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Huntington’s Disease and its Effect on Speech

Huntington's Disease is a neurodegenerative disorder characterised by the gradual degeneration or death of neurons in the brain. It affects people both mentally and physically, with motor control and cognitive ability both gradually weakening over time. Changes in behaviour and personality also occur, as a result of both the changes to the brain and the psychological effects of living with the condition.


As it is a genetic condition, the child of a person with Huntington's Disease has a 50% chance of inheriting it. Research from Oxford University suggests that a child of two parents with Huntington's Disease also has a 50% chance of inheriting it, although the rate at which the disease progresses will be accelerated. Only about 10% of cases become evident before the age of 20, with the majority of people first noticing symptoms between 30 and 50 years of age. Both diagnostic & predictive tests are available to those who are concerned that they may have inherited the condition.  


As the condition causes the gradual degeneration of the brain, it affects a person's speech in both mental and physical ways. Involuntary spams, difficulty moving due to loss of control, and stiffness are all ways in which the muscles will be affected. Cognitively speaking, Huntington's Disease will affect a person's ability to focus, absorb new information, process thoughts, and show self-restraint. All of these symptoms combined impact a person's ability to speak, which can then lead to further problems, such as depression or social withdrawal.

Effects on Speech

Over 100 muscles are used to create speech, meaning that Huntington's Disease has a severe impact on a person's ability to communicate even from a purely physical standpoint, although speech is affected in two ways. The first is known as Dysarthria, which describes when the brain sends out signals but the muscles are too weak or uncontrollable to react properly, resulting in slurred, unclear speech. The second is apraxia, where the damage dealt directly to the brain limits its abilities to send out the signals at all. Other consequences include difficulty breathing and speaking at the same time, difficulty finding the desired words, and difficulty controlling the speed and volume of speech.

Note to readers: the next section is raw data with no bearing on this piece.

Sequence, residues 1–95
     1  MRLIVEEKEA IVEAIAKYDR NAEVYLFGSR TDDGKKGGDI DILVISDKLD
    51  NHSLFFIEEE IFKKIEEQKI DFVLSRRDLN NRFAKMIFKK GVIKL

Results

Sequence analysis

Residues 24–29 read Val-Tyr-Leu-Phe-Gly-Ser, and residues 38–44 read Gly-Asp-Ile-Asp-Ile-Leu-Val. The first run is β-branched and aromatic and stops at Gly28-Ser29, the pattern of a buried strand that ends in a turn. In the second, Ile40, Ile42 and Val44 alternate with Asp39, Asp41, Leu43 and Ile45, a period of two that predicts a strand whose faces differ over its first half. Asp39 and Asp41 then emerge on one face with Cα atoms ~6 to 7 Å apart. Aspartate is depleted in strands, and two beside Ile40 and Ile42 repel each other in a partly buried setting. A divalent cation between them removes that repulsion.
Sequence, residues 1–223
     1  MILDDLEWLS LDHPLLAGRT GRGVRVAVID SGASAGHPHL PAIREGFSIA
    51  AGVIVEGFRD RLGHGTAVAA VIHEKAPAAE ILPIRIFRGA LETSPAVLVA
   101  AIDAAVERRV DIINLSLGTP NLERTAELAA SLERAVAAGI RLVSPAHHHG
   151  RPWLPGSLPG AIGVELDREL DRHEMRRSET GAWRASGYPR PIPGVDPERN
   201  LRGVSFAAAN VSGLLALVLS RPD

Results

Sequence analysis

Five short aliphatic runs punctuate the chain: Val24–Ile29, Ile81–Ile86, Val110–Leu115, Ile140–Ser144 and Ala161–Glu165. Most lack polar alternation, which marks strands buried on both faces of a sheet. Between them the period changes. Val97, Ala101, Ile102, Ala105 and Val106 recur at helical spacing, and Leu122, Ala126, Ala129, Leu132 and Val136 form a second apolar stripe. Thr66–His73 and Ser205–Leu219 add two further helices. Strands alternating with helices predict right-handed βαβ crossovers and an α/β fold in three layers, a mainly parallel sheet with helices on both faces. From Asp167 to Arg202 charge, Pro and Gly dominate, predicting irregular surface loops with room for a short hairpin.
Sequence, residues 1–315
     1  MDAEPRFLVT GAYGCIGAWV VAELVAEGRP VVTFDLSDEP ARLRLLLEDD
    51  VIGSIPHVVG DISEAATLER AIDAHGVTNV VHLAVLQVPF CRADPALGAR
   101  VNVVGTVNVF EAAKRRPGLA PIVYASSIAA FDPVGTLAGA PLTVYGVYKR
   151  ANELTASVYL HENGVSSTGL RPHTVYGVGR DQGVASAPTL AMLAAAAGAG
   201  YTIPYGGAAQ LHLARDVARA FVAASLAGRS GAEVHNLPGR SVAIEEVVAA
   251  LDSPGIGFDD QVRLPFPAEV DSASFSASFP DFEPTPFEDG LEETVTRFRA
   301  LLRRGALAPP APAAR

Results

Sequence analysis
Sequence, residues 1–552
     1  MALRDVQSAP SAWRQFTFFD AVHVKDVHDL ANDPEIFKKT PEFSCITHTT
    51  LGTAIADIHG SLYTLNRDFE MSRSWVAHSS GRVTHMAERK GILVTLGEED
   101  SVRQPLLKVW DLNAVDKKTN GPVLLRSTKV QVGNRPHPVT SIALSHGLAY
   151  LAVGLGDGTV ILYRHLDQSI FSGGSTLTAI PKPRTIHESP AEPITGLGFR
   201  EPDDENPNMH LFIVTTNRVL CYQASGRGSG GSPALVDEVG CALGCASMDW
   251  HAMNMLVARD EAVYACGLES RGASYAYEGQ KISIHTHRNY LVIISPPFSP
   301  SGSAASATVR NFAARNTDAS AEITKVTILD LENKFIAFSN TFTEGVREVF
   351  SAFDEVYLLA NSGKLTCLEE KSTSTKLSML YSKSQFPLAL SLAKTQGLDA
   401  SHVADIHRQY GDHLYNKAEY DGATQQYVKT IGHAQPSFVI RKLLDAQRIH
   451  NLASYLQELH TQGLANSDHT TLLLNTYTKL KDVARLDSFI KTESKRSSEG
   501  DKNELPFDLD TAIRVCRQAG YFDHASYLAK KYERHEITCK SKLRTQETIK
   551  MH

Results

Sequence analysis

Dysphagia, or difficulty swallowing, is also a result of Huntington's Disease. This can have very negative consequences, as people tend to eat less, which makes their muscles weaken and causes the disease to progress faster. Diet and weight management are extremely important parts of living with the condition.

Speech and Language Therapy

Speech & language therapy plays a crucial role in slowing down the degenerative effects of Huntington's Disease on the muscles. Due to the fact that the condition can affect speech in so many ways, the course of treatment will not only vary considerably from patient to patient, but also develop as the condition progresses. One of the primary goals of SLT is to identify the muscles that are worst affected, and exercise them regularly to keep them as strong as possible.

In addition to exercising the muscles required to speak and swallow, SLT also teaches people how to optimise their speaking ability. This can be done in a number of different ways, such as speaking more slowly and loudly, using shorter words and sentences, exaggerating certain sounds, using gestures, and learning breathing techniques.  

Because Huntington's Disease affects both a person's ability to speak and their ability to register what others are saying, SLT can also be useful for a patient's friends and family members. There are many ways that people can help ensure that a patient remains included in conversation, does not become isolated, and understands what is being said clearly. These include sticking to familiar topics, using short, simple, unambiguous sentences, asking yes/no questions, using gestures, speaking more slowly, and eliminating distractions such as music. Although there is no cure for Huntington's Disease, SLT can help to slow its progression and ensure that the patient leads as normal as life as possible.